But most folks will never get there because they're stuck in the mud of mediocrity. They don't move toward their True North because they either don't know what it is or because they don't fully commit to following it. They're fearful of change and addicted to their comfort zone. These are people who can't tell you what motivates them.
Others have priorities that are ass-backwards. They pursue pleasure at the cost of fulfillment. They're scared of failure, so they never try. They avoid the adrenaline rush of attacking adversity and instead reach for a Red Bull to get through the day. It pisses me off to see people ambling through life without purpose. It's such a frigging waste of time, talent, and potential for making this world a better place to live. That's why it's my personal mission to "get people off the couch" of sedentary complacency and become engaged in life — maybe even for the first time.
Yeah, Joe De Sena can be intense. Some people think I'm a little crazy because of the Death Races and making people carry buckets of rocks up muddy hills. But I'm also wildly optimistic about human potential and our intrinsic spirit. I know there are millions of people who long to get off the couch and start living mindfully and physically. You picked up this book (thanks, by the way), so you obviously see the value in finding and prioritizing your True North. As you read on, you'll see why this first principle is so important.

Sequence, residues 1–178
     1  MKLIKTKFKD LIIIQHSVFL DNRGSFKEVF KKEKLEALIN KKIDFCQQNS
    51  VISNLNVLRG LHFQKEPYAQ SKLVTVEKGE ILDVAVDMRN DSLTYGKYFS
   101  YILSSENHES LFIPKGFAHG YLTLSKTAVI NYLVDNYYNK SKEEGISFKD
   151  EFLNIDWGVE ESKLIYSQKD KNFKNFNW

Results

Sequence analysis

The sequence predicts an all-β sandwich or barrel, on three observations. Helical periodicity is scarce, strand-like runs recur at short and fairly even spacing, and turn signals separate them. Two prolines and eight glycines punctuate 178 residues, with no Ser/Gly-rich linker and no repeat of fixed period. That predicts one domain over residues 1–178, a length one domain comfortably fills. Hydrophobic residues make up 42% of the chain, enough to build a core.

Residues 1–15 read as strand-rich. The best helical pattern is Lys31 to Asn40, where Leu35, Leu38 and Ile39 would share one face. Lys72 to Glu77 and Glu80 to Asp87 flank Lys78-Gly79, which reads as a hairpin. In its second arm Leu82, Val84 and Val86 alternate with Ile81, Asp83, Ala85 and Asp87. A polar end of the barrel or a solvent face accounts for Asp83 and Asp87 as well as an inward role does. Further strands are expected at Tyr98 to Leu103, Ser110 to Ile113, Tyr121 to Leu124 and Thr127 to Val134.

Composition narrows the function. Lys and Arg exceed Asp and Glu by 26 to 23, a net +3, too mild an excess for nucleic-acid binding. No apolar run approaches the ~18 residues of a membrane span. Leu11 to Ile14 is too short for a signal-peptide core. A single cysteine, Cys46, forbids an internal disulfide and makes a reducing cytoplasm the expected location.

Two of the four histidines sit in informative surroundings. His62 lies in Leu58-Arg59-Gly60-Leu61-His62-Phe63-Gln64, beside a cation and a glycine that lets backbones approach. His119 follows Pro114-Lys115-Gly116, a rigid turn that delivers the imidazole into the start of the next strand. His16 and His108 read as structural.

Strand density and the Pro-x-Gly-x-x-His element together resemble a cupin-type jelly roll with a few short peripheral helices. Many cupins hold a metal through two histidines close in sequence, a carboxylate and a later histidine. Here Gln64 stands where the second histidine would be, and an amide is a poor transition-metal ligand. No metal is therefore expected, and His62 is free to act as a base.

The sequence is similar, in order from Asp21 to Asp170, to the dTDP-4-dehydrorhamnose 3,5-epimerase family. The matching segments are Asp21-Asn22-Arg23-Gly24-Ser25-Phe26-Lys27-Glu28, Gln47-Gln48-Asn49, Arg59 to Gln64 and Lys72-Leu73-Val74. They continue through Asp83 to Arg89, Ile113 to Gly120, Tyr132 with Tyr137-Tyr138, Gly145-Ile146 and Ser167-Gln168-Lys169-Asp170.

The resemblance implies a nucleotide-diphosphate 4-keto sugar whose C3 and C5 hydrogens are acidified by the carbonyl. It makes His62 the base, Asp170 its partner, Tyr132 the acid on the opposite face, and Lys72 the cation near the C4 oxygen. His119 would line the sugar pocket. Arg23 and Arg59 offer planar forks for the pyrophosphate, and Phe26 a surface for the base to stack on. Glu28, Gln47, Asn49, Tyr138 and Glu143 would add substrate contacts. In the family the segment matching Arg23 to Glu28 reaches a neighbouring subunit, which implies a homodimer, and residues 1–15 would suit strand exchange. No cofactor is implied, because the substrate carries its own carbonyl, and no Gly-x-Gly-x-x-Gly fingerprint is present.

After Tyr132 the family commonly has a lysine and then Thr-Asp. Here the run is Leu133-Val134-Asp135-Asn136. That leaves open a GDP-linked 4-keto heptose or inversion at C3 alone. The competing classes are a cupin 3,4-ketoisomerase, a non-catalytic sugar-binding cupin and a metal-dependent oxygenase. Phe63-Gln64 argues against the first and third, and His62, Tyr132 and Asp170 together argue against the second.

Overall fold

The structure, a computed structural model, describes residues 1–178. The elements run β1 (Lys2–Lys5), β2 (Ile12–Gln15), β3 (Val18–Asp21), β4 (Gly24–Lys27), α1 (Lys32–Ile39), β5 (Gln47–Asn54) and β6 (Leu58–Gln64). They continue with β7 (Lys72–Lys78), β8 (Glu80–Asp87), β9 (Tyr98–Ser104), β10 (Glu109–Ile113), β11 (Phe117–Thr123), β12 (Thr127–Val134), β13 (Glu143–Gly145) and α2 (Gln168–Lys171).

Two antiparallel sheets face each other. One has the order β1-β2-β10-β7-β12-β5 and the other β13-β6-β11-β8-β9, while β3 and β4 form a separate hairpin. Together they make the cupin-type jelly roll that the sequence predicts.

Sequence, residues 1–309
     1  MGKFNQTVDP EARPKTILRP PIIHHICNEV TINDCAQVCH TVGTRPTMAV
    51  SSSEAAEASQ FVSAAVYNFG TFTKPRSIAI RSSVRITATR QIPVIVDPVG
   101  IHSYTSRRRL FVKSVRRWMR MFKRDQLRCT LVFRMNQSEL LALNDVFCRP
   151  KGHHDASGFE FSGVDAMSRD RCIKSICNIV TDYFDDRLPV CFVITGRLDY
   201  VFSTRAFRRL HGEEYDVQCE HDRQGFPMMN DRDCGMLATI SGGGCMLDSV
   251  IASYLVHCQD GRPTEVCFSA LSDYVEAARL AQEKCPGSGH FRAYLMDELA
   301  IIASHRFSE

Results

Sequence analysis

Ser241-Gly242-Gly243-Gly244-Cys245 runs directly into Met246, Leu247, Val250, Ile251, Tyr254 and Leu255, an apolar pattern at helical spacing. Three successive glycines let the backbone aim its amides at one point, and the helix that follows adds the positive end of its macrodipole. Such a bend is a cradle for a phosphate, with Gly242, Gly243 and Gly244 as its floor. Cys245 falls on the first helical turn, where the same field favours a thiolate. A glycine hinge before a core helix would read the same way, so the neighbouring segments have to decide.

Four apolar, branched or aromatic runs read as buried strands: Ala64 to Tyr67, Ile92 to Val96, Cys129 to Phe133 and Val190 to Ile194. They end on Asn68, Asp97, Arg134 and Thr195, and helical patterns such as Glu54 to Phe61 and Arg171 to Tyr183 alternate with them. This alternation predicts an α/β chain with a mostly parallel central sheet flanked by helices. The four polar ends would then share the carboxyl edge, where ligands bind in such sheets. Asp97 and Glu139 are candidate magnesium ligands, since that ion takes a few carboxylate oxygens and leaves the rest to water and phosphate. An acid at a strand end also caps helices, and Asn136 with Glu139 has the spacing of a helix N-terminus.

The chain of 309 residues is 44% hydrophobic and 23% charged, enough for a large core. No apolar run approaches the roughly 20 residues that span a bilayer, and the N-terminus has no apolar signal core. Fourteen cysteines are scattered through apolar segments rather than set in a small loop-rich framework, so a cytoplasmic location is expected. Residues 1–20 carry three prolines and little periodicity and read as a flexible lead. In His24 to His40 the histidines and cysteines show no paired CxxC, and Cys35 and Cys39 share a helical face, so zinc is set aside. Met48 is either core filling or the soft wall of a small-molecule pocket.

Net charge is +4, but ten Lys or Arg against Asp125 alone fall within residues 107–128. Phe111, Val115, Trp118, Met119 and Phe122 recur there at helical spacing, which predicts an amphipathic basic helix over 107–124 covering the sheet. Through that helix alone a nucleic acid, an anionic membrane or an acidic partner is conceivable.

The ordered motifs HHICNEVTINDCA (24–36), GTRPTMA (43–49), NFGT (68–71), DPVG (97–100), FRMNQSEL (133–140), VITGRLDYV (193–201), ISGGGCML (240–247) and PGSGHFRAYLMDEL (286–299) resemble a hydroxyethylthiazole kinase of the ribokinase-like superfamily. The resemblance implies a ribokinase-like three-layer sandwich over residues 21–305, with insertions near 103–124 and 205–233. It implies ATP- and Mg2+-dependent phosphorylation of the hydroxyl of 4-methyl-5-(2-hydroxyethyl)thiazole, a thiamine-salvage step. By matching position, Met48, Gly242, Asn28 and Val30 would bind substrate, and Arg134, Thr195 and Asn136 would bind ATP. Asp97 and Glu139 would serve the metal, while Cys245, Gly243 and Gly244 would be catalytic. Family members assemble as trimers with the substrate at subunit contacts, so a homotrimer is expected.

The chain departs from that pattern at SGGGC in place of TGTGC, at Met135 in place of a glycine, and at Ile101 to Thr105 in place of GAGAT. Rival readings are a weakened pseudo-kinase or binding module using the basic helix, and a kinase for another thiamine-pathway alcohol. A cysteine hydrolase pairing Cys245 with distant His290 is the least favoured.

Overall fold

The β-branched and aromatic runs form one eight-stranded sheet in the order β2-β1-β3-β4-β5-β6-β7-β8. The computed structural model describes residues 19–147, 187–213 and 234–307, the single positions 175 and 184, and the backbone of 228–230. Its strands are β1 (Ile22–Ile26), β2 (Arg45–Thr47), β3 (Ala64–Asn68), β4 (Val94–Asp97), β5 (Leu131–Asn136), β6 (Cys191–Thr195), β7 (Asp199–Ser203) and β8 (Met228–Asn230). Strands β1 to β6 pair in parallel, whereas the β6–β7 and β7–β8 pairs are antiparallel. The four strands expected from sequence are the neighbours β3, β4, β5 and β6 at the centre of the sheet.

Use this chapter to re-align yourself with your authentic purpose. You can do it no matter how many years you may have been pulled off course. But you have to do it already. No procrastinating. Life is too short to put off something so powerful.
How do you start? With self-awareness. It's the first step on your Spartan journey. It's also one of the hardest to master. Most people go through life on automatic pilot, disengaged and unaware of their authentic desires. Like water flowing downhill, they seek the path of least resistance. They're lazy. Or maybe they simply lack direction, like the kid I was before I met Joe "The Ear."